At Large  March 10, 2021  Anna Claire Mauney

Who Came Up With the Color Wheel?

Courtesy of Wikimedia Commons

Johann Wolfgang von Goethe, Theory of Colours, c 1809-1810. Pen and black ink, watercolored on yellowish paper, mounted on cardboard. Frankfurt Goethe Museum.

The easy answer is Isaac Newton, but of course, the real answer is more complicated. Though Newton might be better known for his writings on and experiments with gravity and the laws of motion, his prism experiment—the one that proved white light contains many colors—is still rather iconic. This experiment was documented in Opticks, his seminal book on the basic science of light—and by extension, color. Newton also included a color circle in the book and designed it to showcase the hue combinations he saw through the prism.

Courtesy of Wikimedia Commons.

Isaac Newton, Color Circle from Book I, Part II, Proposition VI, Problem 2 of Opticks, 4th edition, 1730.

Unlike modern color wheels, it was designed to illustrate the mixture of lights, it only featured spectral hues, and it was not evenly divided. Even so, Newton made the lastingly impactful decision to arrange the colors in a circle that illustrated a connection between the violet and red ends of the light spectrum.

It’s important to note that, about a century before Opticks, Aron Sigfrid Forsius did create a circle to illustrate observed relationships between colors. This was very different from Newton’s iteration and the modern version. It graded colors on a scale between black and white and only featured red, yellow, green, blue, and grey.

In the late eighteenth century, Tobias Mayer created a color triangle with the primary colors red, yellow, and blue at each point. Each point was connected to its adjacent points by twelve gradations of color—Mayer believed that this was the highest degree of color variation the human eye could detect. Later, a physicist by the name of Georg Christian Lichtenberg worked from Mayer’s triangle to create a new version with seven gradations per side.

Courtesy of Wikimedia Commons.

Georg Christoph Lichtenberg, replication of Tobias Mayer's color triangle, 1775.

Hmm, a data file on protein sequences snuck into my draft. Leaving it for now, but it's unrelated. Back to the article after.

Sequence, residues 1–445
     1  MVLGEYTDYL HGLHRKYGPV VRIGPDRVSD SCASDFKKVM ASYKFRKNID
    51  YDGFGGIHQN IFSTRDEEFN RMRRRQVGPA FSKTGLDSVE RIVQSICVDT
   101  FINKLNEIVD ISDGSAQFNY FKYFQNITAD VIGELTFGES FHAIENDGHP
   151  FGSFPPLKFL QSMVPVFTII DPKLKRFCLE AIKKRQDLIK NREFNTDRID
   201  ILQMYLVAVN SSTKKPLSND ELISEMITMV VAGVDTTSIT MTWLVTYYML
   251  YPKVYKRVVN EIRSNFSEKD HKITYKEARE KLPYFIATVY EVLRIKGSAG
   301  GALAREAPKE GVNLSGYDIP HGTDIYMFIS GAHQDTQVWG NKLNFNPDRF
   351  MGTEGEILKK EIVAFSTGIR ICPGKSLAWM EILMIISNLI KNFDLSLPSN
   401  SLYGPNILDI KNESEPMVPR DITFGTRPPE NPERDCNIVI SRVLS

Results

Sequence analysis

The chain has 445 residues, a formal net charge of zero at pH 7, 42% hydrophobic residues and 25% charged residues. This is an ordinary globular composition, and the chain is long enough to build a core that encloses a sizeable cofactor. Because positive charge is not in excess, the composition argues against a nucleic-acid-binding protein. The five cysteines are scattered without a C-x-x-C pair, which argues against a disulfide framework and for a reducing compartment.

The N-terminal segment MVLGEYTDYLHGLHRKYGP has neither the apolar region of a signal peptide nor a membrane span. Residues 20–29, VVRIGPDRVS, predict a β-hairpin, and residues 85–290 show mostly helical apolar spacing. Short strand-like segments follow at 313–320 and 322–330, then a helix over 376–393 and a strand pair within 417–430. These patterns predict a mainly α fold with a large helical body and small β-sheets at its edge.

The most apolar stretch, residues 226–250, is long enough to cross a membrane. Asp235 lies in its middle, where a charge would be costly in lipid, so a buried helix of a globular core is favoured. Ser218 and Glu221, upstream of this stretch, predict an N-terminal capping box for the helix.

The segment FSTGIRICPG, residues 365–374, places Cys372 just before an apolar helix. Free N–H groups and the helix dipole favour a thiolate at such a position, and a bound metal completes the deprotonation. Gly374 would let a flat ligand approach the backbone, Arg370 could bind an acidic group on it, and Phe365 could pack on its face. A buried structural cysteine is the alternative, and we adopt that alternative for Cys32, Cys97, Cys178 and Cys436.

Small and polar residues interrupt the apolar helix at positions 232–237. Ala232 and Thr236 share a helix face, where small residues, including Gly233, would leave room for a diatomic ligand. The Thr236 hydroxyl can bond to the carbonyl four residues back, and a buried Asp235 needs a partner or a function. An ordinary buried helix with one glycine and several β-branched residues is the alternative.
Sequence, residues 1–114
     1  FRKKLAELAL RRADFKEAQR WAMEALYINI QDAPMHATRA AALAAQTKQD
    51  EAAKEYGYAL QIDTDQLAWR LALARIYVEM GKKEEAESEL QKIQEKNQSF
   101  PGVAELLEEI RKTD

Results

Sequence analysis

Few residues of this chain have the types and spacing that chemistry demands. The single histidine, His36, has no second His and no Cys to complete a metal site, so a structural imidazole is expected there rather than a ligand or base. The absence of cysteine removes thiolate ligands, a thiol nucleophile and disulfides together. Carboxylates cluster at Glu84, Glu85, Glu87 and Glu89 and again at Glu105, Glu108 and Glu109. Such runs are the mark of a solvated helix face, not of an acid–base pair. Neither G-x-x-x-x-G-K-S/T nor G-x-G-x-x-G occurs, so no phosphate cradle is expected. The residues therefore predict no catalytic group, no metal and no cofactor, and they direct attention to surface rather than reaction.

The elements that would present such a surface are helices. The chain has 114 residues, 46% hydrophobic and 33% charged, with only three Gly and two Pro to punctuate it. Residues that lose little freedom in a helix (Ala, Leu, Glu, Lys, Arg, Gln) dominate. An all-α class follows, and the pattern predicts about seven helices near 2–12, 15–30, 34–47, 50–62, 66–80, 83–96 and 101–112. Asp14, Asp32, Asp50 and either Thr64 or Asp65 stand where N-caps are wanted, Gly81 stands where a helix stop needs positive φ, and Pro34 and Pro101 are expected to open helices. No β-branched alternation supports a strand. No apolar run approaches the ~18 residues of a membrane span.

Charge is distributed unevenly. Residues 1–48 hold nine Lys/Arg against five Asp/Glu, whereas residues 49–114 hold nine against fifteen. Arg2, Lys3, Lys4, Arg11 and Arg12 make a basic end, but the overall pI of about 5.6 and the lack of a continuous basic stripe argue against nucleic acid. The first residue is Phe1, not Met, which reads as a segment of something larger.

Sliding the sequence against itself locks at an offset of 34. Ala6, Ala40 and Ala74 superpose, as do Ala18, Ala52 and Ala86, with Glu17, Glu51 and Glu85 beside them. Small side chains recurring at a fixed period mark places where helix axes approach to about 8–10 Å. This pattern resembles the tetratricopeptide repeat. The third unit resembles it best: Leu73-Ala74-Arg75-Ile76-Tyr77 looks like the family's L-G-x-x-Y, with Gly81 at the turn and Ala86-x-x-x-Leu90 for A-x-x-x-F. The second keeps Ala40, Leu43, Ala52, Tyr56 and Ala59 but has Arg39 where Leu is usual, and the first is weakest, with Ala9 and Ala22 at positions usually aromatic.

In 1809, Johann Wolfgang von Goethe published Theory of Colours. The book is considered the first systematic study of the psychological impact of colors. This angle of approach led Goethe to also consider the effect of color combinations—particularly of opposed colors. He posited that “diametrically opposed colors,” when placed side by side, would enhance each other. To more easily study and demonstrate these ideas, Goethe created a color circle with equally portioned spaces for each color.

Goethe also took issue with Newton’s color spectrum theory and was sure to incorporate his own beliefs into his color wheel. He believed that darkness was not the absence of light and that darkness actually played a role in color and hue creation. He theorized that, when light struck dark, the collision produced observable color.

Painters’ color wheels cannot be used to predict combinations. Rather, they serve as documentation of pigment combinations that, while following general rules, vary from one medium or product to another.

The general rules stem from the trichromatic model which consists of primary, secondary, and tertiary colors. Artists who work with traditional mediums use red, yellow, and blue as their primary colors. Their secondary colors are created by mixing primaries and are thus orange, green, and purple. Tertiary colors are created by mixing primaries and secondaries with their neighbors on the color wheel. They include yellow-orange, green-blue, and so on.

Courtesy of Wikimedia Commons.

Three examples of color halftoning with CMYK separation. 

The artist’s color wheel is not the only system for color mixing. Printers use magenta, yellow, and cyan as so-called subtractive primaries. Subtractive mixing essentially involves layers of color dots that are illuminated from behind. In printing, the illumination is provided by white paper. Scientists as well as lighting technicians use additive primaries—red, green, and blue—to mix colors. In additive color mixing, if all colors are applied, the result is white light.

About the Author

Anna Claire Mauney

Anna Claire Mauney is Managing Editor for Art & Object. A writer and artist living in North Carolina, she is interested in illustration, the 18th-century, and viceregal South America. She is also the co-host of An Obsessive Nature, a podcast about writing and pop culture.

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